The Dude: Simon Hunt - who, despite being a butcher's son, has managed to climb out of the middle class and become an insanely wealthy industrialist. Despite doling out priceless financial favours and investment advice to the economically-challenged aristocracy, he's only invited to the fancy parties out of condescending gratitude and is still seen as little more than a peasant. In response to constant snubbing, he does away with tact and tradition altogether, which makes him come off as something of a boor to the ladies.
Shady Past: Despite being rich enough to purchase a thousand butcher shops the equal of his father's, his parents still sniff about him abandoning the family business and working with intangible things like investments and stocks.

The Plot:
Annabelle: I need money!
Simon: What a coincidence! I have money!
Annabelle: You willing to buy the whole cow, or do you just want some milk?
Simon: Milk would be nice.
Annabelle: Wrong answer!
Simon: Only a matter of time.
Lord Hodgeham: *various inappropriate sexual advances*
Simon: Alright, I give! I drink your milkshake! I DRINK IT UP!
Annabelle: Huzzah!

Romance Convention Checklist:
1 Interclass Romance
1 Unscrupulous Sexual Rival
1 Harmless but Boring Sexual Rival
1 Life-saving (or at least comfort-saving) Act On the Part of the Hero
1 Obvious Sequel Set-Up (Earl Westcliff + half naked Lillian Bowman = Romance?)
2 Inappropriately Public Groping Sessions

The Word: People in the romance blogger community have called Lisa Kleypas' books "romantic novel crack," and HOLY CRAP ARE THEY RIGHT. I picked up this book during Reading Week since I figured I was far enough ahead in my university reading to do some fun reading of my own, and I kept picking this novel up to read more ("just one more chapter - ONE more chapter? Then I'll get started on my essays, yeah...").
Lisa Kleypas builds strong, interesting characters and infuses her Victorian settings with a wealth of colourful detail, particularly on fashions and food. I also like the idea of four girls teaming up to find husbands for each other one by one -- I mean, we've had what, fifty years of ninja movies and the ninjas never think to attack the hero all at once instead of one at a time, only to lose each time? This is progress! The ending is also fairly realistic -- Simon Hunt's social problems don't all blow away in the wind just because he marries Annabelle. Annabelle has to come to terms with the snubbing she receives from both side of the class line -- the nobles think she's married down, and Simon's folks think she's a gold-digging aristo. Still, despite all the "reality" that seeps into this novel, it's still a terrifically fun read. B+

Friday, February 15, 2008

"The Care and Feeding of Unmarried Men," By Christie Ridgway

The Chick: Eve Caruso, the sexually-aggressive Party Girl who keeps the Palm Springs gossip mills running with her spicy society columns. She's sexy, she knows it, and she's also the granddaughter of a mob boss. Unfortunately, now she's also broke and being investigated by the SEC for taking an illegal insider trading tip from a vindictive ex-boyfriend.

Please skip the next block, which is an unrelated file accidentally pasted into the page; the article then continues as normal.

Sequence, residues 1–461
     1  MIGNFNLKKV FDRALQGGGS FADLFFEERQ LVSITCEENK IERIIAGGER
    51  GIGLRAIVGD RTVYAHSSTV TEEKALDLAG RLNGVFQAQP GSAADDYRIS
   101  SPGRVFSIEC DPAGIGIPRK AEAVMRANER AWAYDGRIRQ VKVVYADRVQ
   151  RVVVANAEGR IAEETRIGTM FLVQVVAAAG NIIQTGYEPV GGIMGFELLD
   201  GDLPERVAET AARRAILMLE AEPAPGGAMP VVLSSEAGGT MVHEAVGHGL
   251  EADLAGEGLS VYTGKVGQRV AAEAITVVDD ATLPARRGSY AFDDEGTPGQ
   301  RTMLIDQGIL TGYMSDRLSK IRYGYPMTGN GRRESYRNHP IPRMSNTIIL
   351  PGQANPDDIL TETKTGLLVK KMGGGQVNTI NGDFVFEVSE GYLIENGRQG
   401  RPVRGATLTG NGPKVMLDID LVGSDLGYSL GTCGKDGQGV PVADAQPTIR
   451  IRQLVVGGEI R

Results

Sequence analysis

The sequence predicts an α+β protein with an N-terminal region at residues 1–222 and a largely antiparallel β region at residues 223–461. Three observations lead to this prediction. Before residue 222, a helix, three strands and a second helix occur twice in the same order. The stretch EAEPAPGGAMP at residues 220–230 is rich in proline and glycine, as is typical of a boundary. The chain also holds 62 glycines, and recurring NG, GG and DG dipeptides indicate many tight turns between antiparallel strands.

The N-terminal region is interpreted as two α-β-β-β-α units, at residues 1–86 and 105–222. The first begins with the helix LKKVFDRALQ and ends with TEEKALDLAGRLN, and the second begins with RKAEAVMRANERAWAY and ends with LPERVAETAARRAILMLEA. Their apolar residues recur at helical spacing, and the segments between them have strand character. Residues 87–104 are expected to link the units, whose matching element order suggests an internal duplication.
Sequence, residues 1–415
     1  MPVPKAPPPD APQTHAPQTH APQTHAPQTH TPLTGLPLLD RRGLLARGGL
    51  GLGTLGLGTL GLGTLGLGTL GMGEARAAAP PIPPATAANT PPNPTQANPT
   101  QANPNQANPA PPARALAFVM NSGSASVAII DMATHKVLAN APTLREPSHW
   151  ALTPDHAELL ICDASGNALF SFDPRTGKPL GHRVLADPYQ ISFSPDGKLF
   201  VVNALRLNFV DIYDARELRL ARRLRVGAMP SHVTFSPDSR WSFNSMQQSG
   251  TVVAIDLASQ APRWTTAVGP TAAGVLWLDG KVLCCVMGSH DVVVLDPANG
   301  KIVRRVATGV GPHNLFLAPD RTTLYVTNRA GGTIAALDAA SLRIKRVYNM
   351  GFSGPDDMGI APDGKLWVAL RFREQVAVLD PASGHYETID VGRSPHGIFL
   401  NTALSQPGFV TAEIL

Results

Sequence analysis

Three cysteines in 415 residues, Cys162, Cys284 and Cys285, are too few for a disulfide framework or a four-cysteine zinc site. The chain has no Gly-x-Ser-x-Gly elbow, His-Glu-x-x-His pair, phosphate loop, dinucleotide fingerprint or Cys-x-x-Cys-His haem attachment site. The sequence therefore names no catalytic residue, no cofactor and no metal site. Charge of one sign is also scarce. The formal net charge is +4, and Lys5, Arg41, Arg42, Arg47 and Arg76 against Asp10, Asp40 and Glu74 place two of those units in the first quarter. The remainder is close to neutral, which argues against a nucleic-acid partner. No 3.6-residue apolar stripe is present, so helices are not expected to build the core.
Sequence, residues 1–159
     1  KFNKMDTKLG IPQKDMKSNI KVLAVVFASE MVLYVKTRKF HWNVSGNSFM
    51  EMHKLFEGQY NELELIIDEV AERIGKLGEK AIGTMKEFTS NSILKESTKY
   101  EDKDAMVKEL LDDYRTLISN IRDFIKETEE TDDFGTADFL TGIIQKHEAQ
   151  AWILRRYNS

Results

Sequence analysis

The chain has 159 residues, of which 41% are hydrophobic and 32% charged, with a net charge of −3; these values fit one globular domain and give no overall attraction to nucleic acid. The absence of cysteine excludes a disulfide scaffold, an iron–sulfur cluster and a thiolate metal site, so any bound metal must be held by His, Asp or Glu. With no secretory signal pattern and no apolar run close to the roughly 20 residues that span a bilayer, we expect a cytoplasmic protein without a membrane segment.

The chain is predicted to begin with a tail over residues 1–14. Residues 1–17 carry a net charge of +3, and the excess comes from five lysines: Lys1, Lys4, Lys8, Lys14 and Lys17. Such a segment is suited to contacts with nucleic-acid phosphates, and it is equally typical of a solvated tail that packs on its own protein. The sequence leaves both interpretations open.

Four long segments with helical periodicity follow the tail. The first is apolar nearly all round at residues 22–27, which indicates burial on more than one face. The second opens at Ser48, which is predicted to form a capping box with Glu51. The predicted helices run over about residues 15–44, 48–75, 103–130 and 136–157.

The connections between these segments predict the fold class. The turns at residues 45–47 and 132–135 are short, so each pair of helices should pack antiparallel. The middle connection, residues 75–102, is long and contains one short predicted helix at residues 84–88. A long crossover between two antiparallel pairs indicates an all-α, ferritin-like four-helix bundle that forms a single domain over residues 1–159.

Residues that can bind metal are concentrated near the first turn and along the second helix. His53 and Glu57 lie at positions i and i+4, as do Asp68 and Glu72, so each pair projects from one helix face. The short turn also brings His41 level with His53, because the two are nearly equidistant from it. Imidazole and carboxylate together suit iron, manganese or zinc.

Shady Past: She's the product of the mob boss' son and his mistress - but spent her formative years being raised by his wife. Was abused by a former boyfriend (also with Mob connections) and retains a terrifying claustrophobia from a traumatic encounter with the FBI in her childhood.

The Dude: Nash Cargill, a monster truck driver (for reals) who comes to Eve's Palm Springs resort to keep an eye on his movie-star sister when a former stalker disappears from the radar. His nickname is "The Preacher," after his admirable moral restraint. Has a soft spot for damsels in distress that he repeatedly tries to ignore.
Shady Past: His father hit him as a child, and after one of his white-knighting antics lands a man in the hospital, he's terrified that he'll turn out to be a violent man, too.

The Plot:

Nash: I like morals and responsible living!

Eve: I like sex!

Nash: That, too! Hey, now I like you...

Eve: Oh no you don't! *doffs clothes*

Nash: Holy Conversation Deflection, Batman!

Various Evil, Scheming Men: Hey, Eve, watch as we act on the expectation that since you're hot, you're a slut!

Nash: Now I want to hit something just like my mean ol' dad!

Eve: Oh no you don't! *doffs clothes*

Nash: I'm cured!

Romantic Convention Checklist:

3 Precocious Siblings

1 Romantic Subsplot Not Involving Protagonists

2 Romantically Lacklustre Exes

1 Relationship-Aiding Pet

1 Inconvenient Phobia

1 Catholic Schoolgirl Outfit
3 (at least!) Wonderfully Accepting Relatives

The Word:
Wow - I wasn't expecting this novel to be good. I literally just picked this book out at random to use up a $25 gift card I'd received for my birthday. I was expecting this novel to be sudsy and cheesy and guilty pleasure fun - instead, while not quite as enjoyable as my favourite romances, it was unexpectedly complex and very well-written.

First of all, this is the second book in a series, which I didn't know -- and it doesn't really matter. The characters from the first book appear here (as their wedding is being planned), and they're given their due, but they're still totally scenery which is just what they should be in a story that isn't theirs.